A Very True Review of Very True Stories Starring Jeff O’Brien

by
Daulton Dickey.

So I’m sitting in my car outside work. Lunch hour drags when it’s hot outside and you forgot your lunch. I debate driving across town to grab a bite, but I’m neither hungry nor motivated enough to expend the effort.

Voices on the radio chatter, something about an ‘incident’ somewhere over the east coast or New England. I focus on the story but the ‘incident’ remains ill-defined.

Can’t be too important, otherwise they’d issue warnings, make declarations, cut to in-progress news conferences of sheriffs or mayors, FEMA or Homeland Security.

At least thirty minutes have passed since I started my lunch break. Christ, I’m bored. I light a cigarette and check my watch. Ten minutes have passed since I started my lunch break. Fuck me. How am I supposed to kill fifty minutes when I’m this bored?

I pull my phone from my pocket and open the Kindle app and flip through the titles inverytruestoriesstarringjeffobrien my library. One stands out: a woman kneels beside a heavyset bald man, who’s standing and thrusting his arm in the air. The title? Very True Stories Starring Jeff O’Brien.

What the fuck is this?

I have no memory of buying this book.

I download the file and read the opening page: a dude looking to get laid takes home a creature disguised as a woman. Tentacles emerge from her pussy and morph into two women.

What in Christ’s name is this? And who the hell is Jeff O’Brien?

I blast through another story, this one featuring the rotted reanimated corpse of an interdimensional traveler we humans know as Bigfoot. This isn’t a horror story, though. It’s a buddy comedy. If Hollywood made it, they’d title it Dude, Where’s My Talisman?

The stories are fast-paced and entertaining. Light-hearted, they don’t convey cynicism or mean-spiritedness. They’re clearly the product of a writer who loves life, a fun-loving bloke who doesn’t take himself or his writing too seriously.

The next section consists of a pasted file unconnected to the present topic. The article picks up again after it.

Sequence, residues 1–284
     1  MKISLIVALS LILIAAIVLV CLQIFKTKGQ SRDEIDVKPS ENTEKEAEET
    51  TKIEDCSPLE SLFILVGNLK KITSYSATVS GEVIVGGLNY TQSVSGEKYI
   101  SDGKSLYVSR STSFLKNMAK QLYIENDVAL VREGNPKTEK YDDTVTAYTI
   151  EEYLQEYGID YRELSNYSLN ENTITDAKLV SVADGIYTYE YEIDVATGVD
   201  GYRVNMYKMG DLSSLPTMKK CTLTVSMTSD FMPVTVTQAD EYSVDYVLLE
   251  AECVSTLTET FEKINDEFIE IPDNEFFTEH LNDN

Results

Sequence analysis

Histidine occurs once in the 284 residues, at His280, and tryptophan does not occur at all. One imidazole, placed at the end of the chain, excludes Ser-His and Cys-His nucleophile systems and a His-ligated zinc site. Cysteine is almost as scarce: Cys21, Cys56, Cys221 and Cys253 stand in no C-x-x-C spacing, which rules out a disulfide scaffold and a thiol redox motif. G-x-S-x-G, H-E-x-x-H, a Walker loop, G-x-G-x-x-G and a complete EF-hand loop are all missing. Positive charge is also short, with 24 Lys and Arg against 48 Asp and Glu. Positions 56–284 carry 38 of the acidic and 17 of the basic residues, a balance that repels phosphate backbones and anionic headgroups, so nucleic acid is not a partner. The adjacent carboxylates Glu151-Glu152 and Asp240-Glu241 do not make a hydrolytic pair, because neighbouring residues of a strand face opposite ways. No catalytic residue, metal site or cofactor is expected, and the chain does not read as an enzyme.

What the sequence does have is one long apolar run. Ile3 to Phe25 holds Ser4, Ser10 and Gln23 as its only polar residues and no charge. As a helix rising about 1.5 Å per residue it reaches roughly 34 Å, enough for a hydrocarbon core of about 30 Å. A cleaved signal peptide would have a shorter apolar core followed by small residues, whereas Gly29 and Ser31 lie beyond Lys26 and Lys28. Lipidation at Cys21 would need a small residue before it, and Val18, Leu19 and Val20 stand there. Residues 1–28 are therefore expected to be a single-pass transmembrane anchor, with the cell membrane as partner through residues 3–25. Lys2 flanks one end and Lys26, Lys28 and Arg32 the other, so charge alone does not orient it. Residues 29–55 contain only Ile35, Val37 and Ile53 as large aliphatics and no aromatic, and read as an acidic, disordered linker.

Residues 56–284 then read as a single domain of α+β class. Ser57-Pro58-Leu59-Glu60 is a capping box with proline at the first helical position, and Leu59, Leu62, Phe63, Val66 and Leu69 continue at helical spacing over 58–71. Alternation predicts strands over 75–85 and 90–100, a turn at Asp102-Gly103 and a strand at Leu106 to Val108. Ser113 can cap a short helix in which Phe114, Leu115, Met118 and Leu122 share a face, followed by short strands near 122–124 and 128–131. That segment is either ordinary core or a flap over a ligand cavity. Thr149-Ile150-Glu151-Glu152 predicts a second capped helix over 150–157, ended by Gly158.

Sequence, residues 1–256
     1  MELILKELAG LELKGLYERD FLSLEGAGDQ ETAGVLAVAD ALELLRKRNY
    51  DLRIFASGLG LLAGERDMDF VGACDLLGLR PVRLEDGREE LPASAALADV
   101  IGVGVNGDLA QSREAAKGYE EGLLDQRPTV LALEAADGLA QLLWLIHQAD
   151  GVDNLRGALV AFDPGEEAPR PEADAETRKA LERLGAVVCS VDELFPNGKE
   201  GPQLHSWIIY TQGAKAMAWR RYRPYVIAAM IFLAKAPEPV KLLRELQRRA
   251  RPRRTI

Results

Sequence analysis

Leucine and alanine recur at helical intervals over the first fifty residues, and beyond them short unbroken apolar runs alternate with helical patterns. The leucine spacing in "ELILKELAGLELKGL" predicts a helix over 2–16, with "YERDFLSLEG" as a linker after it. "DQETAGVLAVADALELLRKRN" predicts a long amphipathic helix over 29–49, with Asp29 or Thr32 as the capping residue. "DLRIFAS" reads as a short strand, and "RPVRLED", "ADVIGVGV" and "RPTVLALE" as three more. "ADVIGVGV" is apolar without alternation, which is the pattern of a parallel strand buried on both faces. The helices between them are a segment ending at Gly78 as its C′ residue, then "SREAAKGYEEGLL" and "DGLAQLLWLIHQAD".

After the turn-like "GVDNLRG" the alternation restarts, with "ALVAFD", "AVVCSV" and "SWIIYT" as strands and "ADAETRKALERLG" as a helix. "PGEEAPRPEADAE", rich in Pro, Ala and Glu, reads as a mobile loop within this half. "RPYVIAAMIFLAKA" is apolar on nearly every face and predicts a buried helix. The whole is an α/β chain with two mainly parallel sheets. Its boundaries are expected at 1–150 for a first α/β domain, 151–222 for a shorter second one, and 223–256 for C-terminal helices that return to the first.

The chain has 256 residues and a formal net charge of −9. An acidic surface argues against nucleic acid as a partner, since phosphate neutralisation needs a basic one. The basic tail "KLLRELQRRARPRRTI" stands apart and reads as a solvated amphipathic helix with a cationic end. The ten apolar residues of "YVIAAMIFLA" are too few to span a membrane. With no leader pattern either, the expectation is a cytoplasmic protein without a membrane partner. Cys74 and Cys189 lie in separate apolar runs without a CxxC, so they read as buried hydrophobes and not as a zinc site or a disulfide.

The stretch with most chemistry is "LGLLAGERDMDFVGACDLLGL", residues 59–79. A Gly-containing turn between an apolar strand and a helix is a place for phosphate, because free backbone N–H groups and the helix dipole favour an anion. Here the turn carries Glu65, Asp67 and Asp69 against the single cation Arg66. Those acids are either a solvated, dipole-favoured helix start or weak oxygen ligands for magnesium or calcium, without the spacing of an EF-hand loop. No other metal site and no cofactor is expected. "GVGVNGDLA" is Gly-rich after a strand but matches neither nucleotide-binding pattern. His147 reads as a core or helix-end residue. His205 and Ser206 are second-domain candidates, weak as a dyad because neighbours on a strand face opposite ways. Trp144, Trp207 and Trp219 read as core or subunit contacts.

My mind recalls the title: Very True Stories. I call bullshit, I thought. If these stories are true, then I shit in the trunk of my car.

Chatter on the radio grows erratic, more intense. Shouts followed by screams. What the hell’s going on? Through the noise I make out something about an object of some kind. It’s glowing or pulsing or—

The phone in my hand heats up and vibrates. The screen ripples, as if made out of water. Voices emerge, saying something in a vaguely Massachusetts accent. The phone hovers above my hand and flies into the passenger seat. It shakes and transforms into fluid, viscous like used motor oil.

The fluid extrudes and expands and assumes the form of an amorphous blob. The blob shifts and contorts until it resembles a human. It emits screeches as fabric grows from its pores and forms a t-shirt and shorts.

I clench my eyes and turn my head, appalled. The cabin of my car smells like a cross between sauerkraut and pipe tobacco.

The screeching stops.

Silence.

I keep my eyes closed. Something hits my lap and I flinch and yelp. When I open my eyes, I spot my phone on my lap—and a man in the passenger seat.

Bald with a beard, wearing a Deathstalker 2 t-shirt and clutching a package of Twinkies, the man grins at me.

—How’s it going? he says.

—Who the fuck … What the fuck’s going on?

—Hey, man, he says, shrugging. —Your guess is as good as mine. He extends his hand. I reach for it, recoil, then reach for it again. We shake. —I’m Jeff, he says.

Jeff. The size. The bald pate. I turn on my phone and examine the book cover. No. It couldn’t be.

—Hey, he says, peering over to check out the image on the screen. —You bought my book. Nice.

—Your book?

He extends his hand again. We shake again.